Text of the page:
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April 2004

GM Maize Abandoned

OSR
Bayer Crop-Science, the biotech company producing, no longer plans to bring its GM maize, Chardon LL, into commercial production. Further delays to the possible planting of the crop means that Bayer feel that it would no longer be economically viable. Bayer are looking to develop a GM winter oilseed rape.

A number of environmental groups welcomed the decision by Bayer. They also expressed the hope that future testing of GM crops would take account of the need for proper controls before they enter the countryside.

The Advisory Committee on Releases to the Environment (ACRE) has published new guidance on the monitoring of GM crops. Future monitoring of GM crops will include looking for unanticipated adverse effects as a new compulsory condition of approval. Each plan will also be specific to the GM variety being tested.

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Burning Issues 2002
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2003
GM statement (DEFRA website)

Previous GM article

Burning Issues 2004

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Food for Thought 2002
and
2003

November 2004

More GM Applications Abandoned

NEW
PRESS RELEASE from 'Five Year Freeze'

GM seeds - and then there were none

The Five Year Freeze warmly welcomed the news that the two remaining applications to place GM seeds on the UK's "national seed list" were withdrawn by Bayer CropScience on 9th November. There are now currently no GM varieties awaiting seed listing approval down from a high point of 53 in 1997/98 none of which gained approval.

One variety is a spring oilseed rape and the other is a winter oilseed rape both are modified to be tolerant to Bayer's herbicide Liberty (glufosinate ammonium). The applications were first made in December 1997 when the company fully expected the first GM varieties to be given the go ahead soon afterwards. However, fierce public opposition to GM crops based on concerns about significant gaps in scientific knowledge of food safety and environmental impact delayed final commercial approvals. Strong criticism of the herbicide tolerant crops came from English Nature who were concerned that these crops could harm to farmland wildlife by reducing food sources and make an already serious situation worse.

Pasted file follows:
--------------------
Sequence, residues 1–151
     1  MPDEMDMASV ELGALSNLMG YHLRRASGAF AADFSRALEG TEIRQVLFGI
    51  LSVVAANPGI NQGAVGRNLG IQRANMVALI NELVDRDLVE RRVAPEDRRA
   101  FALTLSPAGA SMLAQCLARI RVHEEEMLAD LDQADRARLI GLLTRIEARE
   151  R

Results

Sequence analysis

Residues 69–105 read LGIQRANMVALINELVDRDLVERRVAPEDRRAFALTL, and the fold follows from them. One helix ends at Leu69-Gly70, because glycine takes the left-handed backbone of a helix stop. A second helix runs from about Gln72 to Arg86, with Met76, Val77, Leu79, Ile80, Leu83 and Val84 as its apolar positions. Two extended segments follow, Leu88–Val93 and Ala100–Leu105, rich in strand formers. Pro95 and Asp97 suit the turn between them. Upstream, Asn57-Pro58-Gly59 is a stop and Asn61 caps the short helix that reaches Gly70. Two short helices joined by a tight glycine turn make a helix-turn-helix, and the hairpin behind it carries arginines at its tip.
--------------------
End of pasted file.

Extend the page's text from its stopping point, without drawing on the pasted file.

The government sponsored Farm Scale Evaluations (FSE) were set up to test the impact of GM herbicide tolerant crops compared with conventional ones. Winter and spring oilseed rape were both included in the FSE. The results for spring oilseed were published in October 2003 and found GM oilseed was more harmful to farmland wildlife than the conventionally grown varieties. The results of the FSE for winter oilseed rape are expected shortly.

It is believed that the decision to withdraw the GM oilseed rape varieties is for commercial reasons because the two seeds have been overtaken in their performance by conventional hybrids in the last 7 years. Coincidentally, Bayer recently revealed to Greenpeace India that they no longer intended to produce GM seeds for India where there is also opposition to the technology.

Commenting Pete Riley, Director of the Five Year Freeze, said:

"This is great news for farmers, consumers and the environment although not entirely unexpected. This means that no GM commercial crops can be grown before 2008 but first they have to get EU approval. The Government must use the breathing space to put together a coherent strategy to put the whole of UK farming on a sustainable footing. This should produce huge opportunities for research into new farming techniques and training farmers in delivering clean rivers and water supply and a diverse countryside without resorting to GM crops. The Government also needs to use the next three years to develop an economic climate that means farmers can make sustainable farming profitable".

See more Press releases on the Five Year Freeze website.

More
Burning Issues 2002
and
2003
GM statement (DEFRA website)

GM Maize abandoned

Burning Issues 2004

Main Index

See also
Food for Thought 2002
and
2003